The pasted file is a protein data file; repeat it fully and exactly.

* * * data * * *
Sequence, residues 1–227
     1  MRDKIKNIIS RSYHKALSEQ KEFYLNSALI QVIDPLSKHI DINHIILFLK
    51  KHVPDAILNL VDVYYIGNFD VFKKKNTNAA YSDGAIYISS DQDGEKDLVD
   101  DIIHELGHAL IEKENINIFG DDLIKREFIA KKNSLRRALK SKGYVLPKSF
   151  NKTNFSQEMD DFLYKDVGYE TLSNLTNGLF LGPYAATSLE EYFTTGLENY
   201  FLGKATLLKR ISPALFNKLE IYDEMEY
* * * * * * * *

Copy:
Sequence, residues 1–227
     1  MRDKIKNIIS RSYHKALSEQ KEFYLNSALI QVIDPLSKHI DINHIILFLK
    51  KHVPDAILNL VDVYYIGNFD VFKKKNTNAA YSDGAIYISS DQDGEKDLVD
   101  DIIHELGHAL IEKENINIFG DDLIKREFIA KKNSLRRALK SKGYVLPKSF
   151  NKTNFSQEMD DFLYKDVGYE TLSNLTNGLF LGPYAATSLE EYFTTGLENY
   201  FLGKATLLKR ISPALFNKLE IYDEMEY